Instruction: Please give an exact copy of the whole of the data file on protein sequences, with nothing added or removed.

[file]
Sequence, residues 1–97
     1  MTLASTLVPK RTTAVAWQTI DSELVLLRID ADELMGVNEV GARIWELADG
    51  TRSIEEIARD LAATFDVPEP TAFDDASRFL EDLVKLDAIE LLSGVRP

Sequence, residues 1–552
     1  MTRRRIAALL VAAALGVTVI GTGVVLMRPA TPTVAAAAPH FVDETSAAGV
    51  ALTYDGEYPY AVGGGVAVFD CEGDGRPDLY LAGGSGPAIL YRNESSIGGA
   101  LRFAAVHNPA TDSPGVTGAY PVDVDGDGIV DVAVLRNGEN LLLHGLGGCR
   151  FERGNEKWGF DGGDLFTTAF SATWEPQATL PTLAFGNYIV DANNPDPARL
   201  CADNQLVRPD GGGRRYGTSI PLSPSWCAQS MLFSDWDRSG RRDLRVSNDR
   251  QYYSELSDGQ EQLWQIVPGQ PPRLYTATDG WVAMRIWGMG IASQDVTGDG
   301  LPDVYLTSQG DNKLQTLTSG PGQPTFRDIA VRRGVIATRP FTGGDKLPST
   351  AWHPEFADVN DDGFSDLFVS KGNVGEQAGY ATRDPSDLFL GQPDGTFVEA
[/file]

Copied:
Sequence, residues 1–97
     1  MTLASTLVPK RTTAVAWQTI DSELVLLRID ADELMGVNEV GARIWELADG
    51  TRSIEEIARD LAATFDVPEP TAFDDASRFL EDLVKLDAIE LLSGVRP

Sequence, residues 1–552
     1  MTRRRIAALL VAAALGVTVI GTGVVLMRPA TPTVAAAAPH FVDETSAAGV
    51  ALTYDGEYPY AVGGGVAVFD CEGDGRPDLY LAGGSGPAIL YRNESSIGGA
   101  LRFAAVHNPA TDSPGVTGAY PVDVDGDGIV DVAVLRNGEN LLLHGLGGCR
   151  FERGNEKWGF DGGDLFTTAF SATWEPQATL PTLAFGNYIV DANNPDPARL
   201  CADNQLVRPD GGGRRYGTSI PLSPSWCAQS MLFSDWDRSG RRDLRVSNDR
   251  QYYSELSDGQ EQLWQIVPGQ PPRLYTATDG WVAMRIWGMG IASQDVTGDG
   301  LPDVYLTSQG DNKLQTLTSG PGQPTFRDIA VRRGVIATRP FTGGDKLPST
   351  AWHPEFADVN DDGFSDLFVS KGNVGEQAGY ATRDPSDLFL GQPDGTFVEA